DHS at Work

The Parliament of Moldova, in response to the 2005 Moldova DHS, adopted a law in 2007 that aims at preventing and combating domestic violence. The 2005 DHS reported that 27% of women over age 15 have experienced physical violence in the home at least once. The DHS also debunked the myths that domestic violence in Moldova is primarily a rural phenomenon and that it occurs mostly among the poorest families. 

In fact, there is little difference between rural and urban areas, and while women from the poorest families are most likely to have experienced violence (33%), it is not uncommon among women from the wealthiest families (22%). 

UNICEF and the local NGO Gender-Centre welcomed the new law, which provides for legal protection of victims and the creation of rehabilitation centers and other support services.

Capacity Building

With each survey, The DHS Program improves the implementing agency and host-country counterparts’ capacity to collect, analyze, disseminate, and use DHS data. Mentoring takes places through this constant capacity building as The DHS Program staff assist in developing questionnaires, monitoring fieldwork, providing quality control, and helping with the creation of survey report documents.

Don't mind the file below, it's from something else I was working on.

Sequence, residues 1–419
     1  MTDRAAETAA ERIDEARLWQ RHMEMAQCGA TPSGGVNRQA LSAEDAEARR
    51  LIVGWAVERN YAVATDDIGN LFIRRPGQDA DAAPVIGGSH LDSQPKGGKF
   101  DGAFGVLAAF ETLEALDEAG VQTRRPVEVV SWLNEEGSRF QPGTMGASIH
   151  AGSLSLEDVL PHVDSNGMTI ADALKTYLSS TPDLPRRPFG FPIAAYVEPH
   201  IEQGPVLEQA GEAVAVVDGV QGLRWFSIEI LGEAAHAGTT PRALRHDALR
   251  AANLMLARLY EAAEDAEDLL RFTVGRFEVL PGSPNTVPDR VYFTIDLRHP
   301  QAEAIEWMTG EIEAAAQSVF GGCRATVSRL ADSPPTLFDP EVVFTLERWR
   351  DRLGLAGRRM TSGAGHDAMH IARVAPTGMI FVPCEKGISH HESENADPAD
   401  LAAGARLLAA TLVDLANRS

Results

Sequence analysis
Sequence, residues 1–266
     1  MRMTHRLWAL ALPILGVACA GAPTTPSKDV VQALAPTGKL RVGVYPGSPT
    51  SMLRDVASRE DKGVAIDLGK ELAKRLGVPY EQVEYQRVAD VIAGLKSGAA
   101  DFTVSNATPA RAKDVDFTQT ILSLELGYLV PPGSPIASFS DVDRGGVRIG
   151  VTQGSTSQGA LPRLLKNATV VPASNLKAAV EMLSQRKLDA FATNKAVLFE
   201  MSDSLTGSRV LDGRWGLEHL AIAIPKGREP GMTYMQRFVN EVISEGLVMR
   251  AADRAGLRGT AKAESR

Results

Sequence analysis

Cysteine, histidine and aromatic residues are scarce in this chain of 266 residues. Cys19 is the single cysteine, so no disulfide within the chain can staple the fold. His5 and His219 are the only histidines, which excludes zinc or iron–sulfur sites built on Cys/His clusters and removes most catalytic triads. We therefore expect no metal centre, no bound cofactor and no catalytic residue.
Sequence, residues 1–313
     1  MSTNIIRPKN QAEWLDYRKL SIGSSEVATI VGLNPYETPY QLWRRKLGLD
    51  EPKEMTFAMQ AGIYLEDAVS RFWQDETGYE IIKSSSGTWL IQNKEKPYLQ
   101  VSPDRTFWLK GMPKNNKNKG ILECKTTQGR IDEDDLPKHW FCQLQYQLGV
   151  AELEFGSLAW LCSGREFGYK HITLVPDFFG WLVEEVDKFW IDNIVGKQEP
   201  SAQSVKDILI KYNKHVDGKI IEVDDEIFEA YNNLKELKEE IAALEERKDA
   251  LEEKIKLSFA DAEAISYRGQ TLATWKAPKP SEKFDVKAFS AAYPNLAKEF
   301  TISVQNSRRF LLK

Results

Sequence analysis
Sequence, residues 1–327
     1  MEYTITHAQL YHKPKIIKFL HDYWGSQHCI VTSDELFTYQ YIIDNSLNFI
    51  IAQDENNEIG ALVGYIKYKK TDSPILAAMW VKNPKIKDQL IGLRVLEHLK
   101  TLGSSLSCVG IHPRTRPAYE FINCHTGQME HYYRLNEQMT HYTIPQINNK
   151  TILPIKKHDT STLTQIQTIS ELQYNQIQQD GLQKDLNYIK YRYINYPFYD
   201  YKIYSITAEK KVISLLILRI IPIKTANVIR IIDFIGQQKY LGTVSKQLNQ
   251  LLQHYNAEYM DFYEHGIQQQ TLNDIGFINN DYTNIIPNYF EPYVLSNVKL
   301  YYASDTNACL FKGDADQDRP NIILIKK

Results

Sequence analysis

The presence of DHS staff throughout the survey process allows for more formal training opportunities as well, such as training sessions for interviewers, field managers, data processors, and researchers. In addition, the supplies used during the survey (scales, biomarker supplies, GPS units, computers) remain in the country for future use.

Special Workshops

The DHS Program also runs workshops to train groups on using survey findings. Trainings may be topic-specific (e.g., gender, youth, family planning, HIV) or audience-specific (e.g. health care providers, policymakers, journalists). Specific workshops also focus on data users and provide them with the skills to conduct their own further analysis and tabulation of the datasets.

Examples of recent DHS workshops include the following:

  • In Kenya, GIS experts taught host-country counterparts how to use DHS geographical data, link it to their own GIS, and create maps of their data, leading to increased data use.
  • DHS staff worked with local counterparts in Nepal to analyze DHS datasets, write several publishable papers based on their results, and review implications of data for programs and policies.
  • The DHS Program data processing experts worked with the Uganda Ministry of Health to train staff to analyze Uganda DHS data.
  • TV, radio, and newspaper journalists in Ethiopia were trained to read DHS reports and tables and incorporate DHS data in their news stories.
  • A curriculum was developed to provide university faculty with the tools to introduce DHS data into their public health and demography courses.

Student Resources

The DHS Program also promotes data utilization and analysis for students of public health, demography, biostatistics, and other relevant fields. 

Check out our Student Resources page for details.